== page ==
General Election 2019

What the Exit Poll Means for the General Election Result

A brutal exit poll for Labour as the Tories look set for a majority.
general election exit poll

That sound you can hear? All too familiar: it’s the sound of Champagne corks popping at Tory viewing nights across the country.

The exit poll predicting the result of this year’s general election is out. And it’s brutal for Labour.

The Tories are predicted 368 seats, while Labour is headed for 191 seats. The SNP are predicted to win 55 seats, and the Liberal Democrats 13 seats. Plaid Cymru are headed for 3 seats and the Green Party one seat. The Brexit Party has no seats, according to this exit poll.


That means that we’re looking at a potential Conservative majority of 86 seats.

Polls have been a source of scepticism for the last few elections, but recent exit polls have indicated the result of the elections with a high degree of accuracy.

We're writing this from a pub in Hackney full of Labour activists and the mood was instantly deflated. An uneasy silence descended the moment the exit poll was revealed. John McDonnell is on the big screen admitting that it looks disappointing.

There are a number of seats where high profile Tories have been staring into the abyss of a super tight race, but they’re looking safer now.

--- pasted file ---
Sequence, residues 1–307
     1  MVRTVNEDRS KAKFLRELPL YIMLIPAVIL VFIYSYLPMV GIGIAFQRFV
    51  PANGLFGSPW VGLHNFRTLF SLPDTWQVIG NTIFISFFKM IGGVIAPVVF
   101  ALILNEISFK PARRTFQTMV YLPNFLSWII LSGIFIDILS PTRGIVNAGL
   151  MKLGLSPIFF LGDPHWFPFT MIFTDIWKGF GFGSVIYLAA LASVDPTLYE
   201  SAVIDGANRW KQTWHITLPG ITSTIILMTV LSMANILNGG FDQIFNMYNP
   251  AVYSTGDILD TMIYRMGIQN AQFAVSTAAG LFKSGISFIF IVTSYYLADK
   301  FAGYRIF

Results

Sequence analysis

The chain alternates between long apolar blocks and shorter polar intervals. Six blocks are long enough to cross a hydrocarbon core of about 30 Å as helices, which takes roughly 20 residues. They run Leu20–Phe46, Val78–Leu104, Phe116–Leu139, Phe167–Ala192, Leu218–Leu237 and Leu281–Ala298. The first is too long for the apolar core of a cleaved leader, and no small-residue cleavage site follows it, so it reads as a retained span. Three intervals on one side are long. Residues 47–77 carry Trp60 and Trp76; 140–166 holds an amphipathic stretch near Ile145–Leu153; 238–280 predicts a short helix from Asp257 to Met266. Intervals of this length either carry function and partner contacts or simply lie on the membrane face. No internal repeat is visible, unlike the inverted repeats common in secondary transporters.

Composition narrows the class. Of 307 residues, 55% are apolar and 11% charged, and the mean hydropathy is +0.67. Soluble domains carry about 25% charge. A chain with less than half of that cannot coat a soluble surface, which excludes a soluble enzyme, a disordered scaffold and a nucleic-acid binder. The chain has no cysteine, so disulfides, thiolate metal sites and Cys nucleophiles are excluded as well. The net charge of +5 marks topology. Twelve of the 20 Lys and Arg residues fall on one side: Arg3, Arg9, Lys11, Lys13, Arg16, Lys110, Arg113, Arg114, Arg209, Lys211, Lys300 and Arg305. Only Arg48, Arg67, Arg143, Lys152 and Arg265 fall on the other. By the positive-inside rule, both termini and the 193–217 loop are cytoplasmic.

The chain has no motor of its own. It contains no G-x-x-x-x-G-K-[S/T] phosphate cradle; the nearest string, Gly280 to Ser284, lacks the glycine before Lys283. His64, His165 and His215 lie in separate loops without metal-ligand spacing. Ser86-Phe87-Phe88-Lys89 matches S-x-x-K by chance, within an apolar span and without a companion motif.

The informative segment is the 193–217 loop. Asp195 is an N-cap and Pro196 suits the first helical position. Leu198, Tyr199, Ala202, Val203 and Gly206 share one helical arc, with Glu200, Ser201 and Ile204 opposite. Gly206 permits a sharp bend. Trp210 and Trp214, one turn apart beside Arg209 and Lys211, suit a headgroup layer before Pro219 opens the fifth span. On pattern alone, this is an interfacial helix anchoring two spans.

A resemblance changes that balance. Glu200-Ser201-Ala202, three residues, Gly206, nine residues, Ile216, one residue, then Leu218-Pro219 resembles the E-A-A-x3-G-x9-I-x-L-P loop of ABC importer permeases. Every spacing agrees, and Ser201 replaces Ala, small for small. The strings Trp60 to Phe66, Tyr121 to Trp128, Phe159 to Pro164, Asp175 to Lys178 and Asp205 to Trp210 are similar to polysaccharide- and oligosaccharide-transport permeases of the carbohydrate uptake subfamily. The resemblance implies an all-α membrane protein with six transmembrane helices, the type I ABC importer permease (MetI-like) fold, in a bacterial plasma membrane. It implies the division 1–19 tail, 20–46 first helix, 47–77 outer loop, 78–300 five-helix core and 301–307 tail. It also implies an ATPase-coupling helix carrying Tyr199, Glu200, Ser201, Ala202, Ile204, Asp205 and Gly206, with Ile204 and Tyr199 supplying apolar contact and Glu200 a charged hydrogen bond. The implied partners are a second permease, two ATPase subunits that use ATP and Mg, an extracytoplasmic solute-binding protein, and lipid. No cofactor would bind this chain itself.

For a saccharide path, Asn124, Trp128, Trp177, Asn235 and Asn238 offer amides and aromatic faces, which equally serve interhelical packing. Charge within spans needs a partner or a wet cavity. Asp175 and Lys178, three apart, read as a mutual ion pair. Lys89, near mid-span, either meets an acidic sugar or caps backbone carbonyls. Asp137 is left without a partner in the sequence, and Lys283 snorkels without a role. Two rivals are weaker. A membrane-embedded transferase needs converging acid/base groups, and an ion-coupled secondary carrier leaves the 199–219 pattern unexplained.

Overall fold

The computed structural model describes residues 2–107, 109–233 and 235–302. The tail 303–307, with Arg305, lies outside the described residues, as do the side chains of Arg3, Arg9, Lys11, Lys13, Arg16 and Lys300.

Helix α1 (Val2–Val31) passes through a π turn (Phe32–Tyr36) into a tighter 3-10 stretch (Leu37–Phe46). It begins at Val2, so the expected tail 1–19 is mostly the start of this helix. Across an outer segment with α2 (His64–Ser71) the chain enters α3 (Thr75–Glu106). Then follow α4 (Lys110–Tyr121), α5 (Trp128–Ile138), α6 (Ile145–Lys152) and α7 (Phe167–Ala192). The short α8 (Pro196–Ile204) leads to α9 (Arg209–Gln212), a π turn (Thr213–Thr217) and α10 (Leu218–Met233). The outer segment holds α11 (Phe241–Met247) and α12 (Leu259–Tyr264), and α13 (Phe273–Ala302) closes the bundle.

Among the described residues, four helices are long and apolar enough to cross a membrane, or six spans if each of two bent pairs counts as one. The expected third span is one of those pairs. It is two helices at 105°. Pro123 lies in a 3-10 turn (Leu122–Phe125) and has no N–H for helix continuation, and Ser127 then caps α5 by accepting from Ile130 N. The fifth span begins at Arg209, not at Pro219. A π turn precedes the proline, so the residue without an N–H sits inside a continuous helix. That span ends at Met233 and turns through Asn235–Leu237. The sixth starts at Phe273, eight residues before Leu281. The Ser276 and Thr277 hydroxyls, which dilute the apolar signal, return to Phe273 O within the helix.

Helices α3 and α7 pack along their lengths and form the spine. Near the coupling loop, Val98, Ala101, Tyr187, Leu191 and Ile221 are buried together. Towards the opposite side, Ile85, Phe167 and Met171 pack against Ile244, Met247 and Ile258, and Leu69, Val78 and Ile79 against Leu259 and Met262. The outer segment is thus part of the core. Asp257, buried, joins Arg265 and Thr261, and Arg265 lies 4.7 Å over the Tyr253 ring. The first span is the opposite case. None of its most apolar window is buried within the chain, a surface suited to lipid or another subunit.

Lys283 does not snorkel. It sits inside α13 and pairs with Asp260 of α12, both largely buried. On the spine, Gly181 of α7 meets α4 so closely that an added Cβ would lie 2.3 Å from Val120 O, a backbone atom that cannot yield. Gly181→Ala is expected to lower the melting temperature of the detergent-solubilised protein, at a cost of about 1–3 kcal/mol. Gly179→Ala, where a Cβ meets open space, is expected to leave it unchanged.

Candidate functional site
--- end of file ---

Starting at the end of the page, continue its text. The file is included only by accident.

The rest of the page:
It’s not over yet, and local factors may still have a part to play. But they can all breathe for now.

In Esher and Walton, the vein on the side of Dominic Raab’s head will be throbbing just a little easier.

In Chingford and Woodford Green, Iain Duncan Smith will probably be safe against Faiza Shaheen.

And yes, in Uxbridge, Boris Johnson – who may have worried for his seat – will probably rest easy tonight.

But local factors could still give us a “Portillo moment” of a high profile scalp.

It’ll be worth looking out for the crucial seats in the North – the “red wall” – where Leave voters could damage Labour chances if the voters’ wish for Brexit overthrows any party loyalty. Looking at the numbers, it seems like Labour could be more at risk than ever.

@SimonChilds13 / @RubyJLL